BANGOR, Maine — A global backlash against President Donald Trump’s executive order banning immigration from seven Muslim nations saw pockets of protest erupt across Maine on Sunday.

Perhaps the largest demonstrations took place at airports in Bangor and Portland and at Portland City Hall.

In Bangor, nearly 150 people over the afternoon — including representatives of the Islamic Center of Maine in Orono — protested Trump’s move in front of the airport’s international arrivals terminal.

Most of them were outraged, chanting anti-Trump and other slogans and carrying signs in support of immigrants and unity, and against Trump and his ban. But the rally was peaceful and there was no police presence. Many participants shared their own immigration stories and experiences during the rally that started at about 11 a.m. and continued through midafternoon.

“Yesterday, there was a gentleman named [Hameed Khalid] Darweesh who was detained at [JFK Airport],” City Councilor Sean Faircloth told the crowd. According to published reports, the Iraqi, who served as an interpreter for the 101st Airborne, was detained for 19 hours even though he held a special visa that took him two years to obtain.

“The leader of the U.S. Army airborne division said Mr. Darweesh had saved many lives, many lives of our men and women in uniform over there in Iraq and that is who Donald Trump is blocking — blocking patriotic citizens, patriotic prospective citizens and we need to stand up to Donald Trump,” Faircloth said.

Bangor City Council Chairman Joe Baldacci told those assembled that Trump’s order flies in the face of basic American values.

“This isn’t just about immigrants,” he said. “This is about all of us as a country and where we’re headed. We believe in the United States as the symbol of freedom. This is showing us that we are trampling on the freedom of millions of people and this isn’t the American way.

“I am the grandson of Italian and Lebanese immigrants who came here and started businesses and started families like the immigrants of today want to do,” he said. “We need to encourage that. We need to encourage that for our own future, our own vitality as a democracy.”

Dina Yacoubagha, whose husband Tameem Alsamsam is president of the Islamic center in Orono, said she was moved by the show of support at the rally for immigrants and for Muslims.

“It’s awesome because I feel like I’m home, this is my home, and I feel so emotional today with all the support,” said Yacoubagha, who came to Maine from Syria. “I know I’m not alone. This is what America stands for — freedom and liberty — and this is what I’m proud to be [a part] of. That I’m American. It was my dream to be here and I want support for everyone else.”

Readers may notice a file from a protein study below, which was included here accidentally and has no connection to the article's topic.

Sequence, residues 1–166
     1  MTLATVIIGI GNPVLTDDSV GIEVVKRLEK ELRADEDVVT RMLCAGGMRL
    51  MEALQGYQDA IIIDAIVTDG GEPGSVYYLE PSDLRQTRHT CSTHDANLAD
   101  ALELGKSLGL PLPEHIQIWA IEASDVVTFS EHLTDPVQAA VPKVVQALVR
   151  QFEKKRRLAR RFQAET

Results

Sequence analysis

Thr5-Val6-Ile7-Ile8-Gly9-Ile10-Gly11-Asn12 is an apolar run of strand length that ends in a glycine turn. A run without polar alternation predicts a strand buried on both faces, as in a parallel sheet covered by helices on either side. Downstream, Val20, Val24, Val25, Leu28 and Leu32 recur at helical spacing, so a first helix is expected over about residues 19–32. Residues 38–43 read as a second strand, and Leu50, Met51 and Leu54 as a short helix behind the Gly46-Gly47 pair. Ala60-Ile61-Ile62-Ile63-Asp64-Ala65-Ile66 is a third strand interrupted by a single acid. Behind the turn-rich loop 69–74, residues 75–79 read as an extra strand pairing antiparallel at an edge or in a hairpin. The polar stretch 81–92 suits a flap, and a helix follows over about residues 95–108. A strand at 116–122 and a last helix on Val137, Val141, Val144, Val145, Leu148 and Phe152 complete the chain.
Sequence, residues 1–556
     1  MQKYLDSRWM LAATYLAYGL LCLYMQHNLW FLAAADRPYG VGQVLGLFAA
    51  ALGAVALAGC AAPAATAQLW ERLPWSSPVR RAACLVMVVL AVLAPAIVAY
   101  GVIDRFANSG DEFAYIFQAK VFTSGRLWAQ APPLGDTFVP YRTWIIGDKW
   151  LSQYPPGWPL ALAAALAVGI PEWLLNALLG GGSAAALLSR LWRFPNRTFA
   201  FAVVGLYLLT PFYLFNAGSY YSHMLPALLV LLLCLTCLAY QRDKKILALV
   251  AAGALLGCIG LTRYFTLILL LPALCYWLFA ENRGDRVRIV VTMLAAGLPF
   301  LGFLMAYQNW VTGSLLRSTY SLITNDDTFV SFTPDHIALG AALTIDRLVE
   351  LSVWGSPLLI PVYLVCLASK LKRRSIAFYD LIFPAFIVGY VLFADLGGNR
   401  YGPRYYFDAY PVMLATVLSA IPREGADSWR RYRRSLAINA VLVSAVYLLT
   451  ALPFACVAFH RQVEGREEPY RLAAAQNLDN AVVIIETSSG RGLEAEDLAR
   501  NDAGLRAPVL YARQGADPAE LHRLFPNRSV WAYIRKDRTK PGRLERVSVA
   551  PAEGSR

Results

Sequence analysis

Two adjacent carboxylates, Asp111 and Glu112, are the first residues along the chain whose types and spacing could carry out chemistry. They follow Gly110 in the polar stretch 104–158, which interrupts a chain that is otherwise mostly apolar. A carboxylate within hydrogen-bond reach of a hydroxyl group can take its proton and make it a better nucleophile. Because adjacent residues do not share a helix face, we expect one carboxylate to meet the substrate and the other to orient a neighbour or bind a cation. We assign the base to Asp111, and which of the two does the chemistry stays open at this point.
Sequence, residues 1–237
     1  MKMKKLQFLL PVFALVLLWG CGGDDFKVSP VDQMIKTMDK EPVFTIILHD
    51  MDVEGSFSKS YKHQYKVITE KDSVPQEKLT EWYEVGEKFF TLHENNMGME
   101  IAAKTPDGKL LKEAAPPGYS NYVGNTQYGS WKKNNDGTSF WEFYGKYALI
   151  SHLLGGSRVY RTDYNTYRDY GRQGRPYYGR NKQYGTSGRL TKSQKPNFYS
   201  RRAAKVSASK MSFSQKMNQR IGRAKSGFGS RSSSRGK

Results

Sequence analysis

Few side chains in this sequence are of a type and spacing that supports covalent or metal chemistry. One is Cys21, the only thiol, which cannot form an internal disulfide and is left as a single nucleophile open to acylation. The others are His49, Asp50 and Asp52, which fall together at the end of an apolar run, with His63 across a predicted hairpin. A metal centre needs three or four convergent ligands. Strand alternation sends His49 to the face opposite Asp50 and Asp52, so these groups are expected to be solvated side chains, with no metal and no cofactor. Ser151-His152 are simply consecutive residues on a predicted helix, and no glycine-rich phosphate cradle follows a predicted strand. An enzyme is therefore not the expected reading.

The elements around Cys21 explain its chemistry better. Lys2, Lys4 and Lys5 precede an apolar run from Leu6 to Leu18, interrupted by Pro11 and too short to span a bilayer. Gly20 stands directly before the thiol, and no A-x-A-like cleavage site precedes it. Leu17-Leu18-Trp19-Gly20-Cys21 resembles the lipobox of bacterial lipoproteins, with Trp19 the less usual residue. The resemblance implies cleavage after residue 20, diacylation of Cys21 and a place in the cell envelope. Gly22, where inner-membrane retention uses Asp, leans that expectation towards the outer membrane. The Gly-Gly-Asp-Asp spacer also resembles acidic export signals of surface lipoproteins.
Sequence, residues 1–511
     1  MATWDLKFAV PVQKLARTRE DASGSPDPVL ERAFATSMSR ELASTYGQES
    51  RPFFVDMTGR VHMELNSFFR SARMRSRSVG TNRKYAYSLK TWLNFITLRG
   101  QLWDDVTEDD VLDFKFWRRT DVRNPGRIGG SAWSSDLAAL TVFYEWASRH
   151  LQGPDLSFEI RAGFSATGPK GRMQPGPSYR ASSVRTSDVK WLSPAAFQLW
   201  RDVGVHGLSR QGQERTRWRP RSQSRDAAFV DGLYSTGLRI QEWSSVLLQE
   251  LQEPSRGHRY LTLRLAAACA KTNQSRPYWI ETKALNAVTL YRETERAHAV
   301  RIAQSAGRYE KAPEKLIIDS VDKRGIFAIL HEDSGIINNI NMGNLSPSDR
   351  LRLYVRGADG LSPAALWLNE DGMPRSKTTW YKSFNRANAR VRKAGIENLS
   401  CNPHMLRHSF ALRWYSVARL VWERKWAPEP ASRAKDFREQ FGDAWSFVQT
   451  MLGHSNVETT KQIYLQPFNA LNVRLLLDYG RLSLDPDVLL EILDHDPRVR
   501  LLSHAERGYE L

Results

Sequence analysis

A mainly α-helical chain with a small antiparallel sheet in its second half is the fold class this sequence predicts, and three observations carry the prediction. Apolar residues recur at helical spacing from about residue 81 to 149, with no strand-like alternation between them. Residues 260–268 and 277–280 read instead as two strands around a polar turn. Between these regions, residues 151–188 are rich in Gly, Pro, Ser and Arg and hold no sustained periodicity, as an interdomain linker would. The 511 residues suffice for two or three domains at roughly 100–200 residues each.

Before he spoke to the protesters, Sen. Geoff Gratwick, a Bangor Democrat, spoke about what immigrants can bring to Maine.

“We need immigrants here. We talk a lot in the Legislature about the demographic order and the fact that the death rate in Maine is higher than the birth rate. If Maine is going to survive, it’s going to need to have a lot of outsiders, an infusion of talent,” he said.

“Lewiston now has 7,000 immigrants. There are some that are having a hard time but there are many that are creating a very vibrant world in terms of downtown revitalization, education, farming,” Gratwick said.

Amy Smith of Lincolnville, who organized the demonstration, created a Facebook page about the event around 6 p.m. Saturday and word spread quickly.

“We have to be the voice for people who can’t [advocate for themselves] right now. We have to stand up for what we believe in. Those of us with privilege need to use it to bring about change and stand up against what is happening,” she said.

Protesters called on Maine’s congressional representatives to denounce Trump’s order restricting citizens of Iraq, Iran, Syria, Yemen, Sudan, Libya and Somalia from entering the United States.

Already, members of Maine’s congressional delegation have spoken out against the travel ban, according to the Sun Journal.

“The worldwide refugee ban set forth in the executive order is overly broad and implementing it will be immediately problematic,” said U.S. Sen. Susan Collins, a Republican.

Independent U.S. Sen. Angus King believes the administration’s actions “don’t protect us, but actually compromise our nation’s security,” said Scott Ogden, his spokesman.

Democratic Rep. Chellie Pingree also criticized the order, while Republican Rep. Bruce Poliquin was noncommittal in response.

Around 10:30 a.m., a crowd of protesters gathered outside Portland City Hall to protest Trump’s order, according to Portland-based television station CBS 13.

CBS 13 reported that thousand of protesters turned up at Portland International Jetport but that no one had been detained.

Bangor International Airport Director Tony Caruso said there were no ban-related problems at that facility on Sunday.

Bangor Daily News writer Christopher Burns, Reuters and CBS 13 contributed to this report.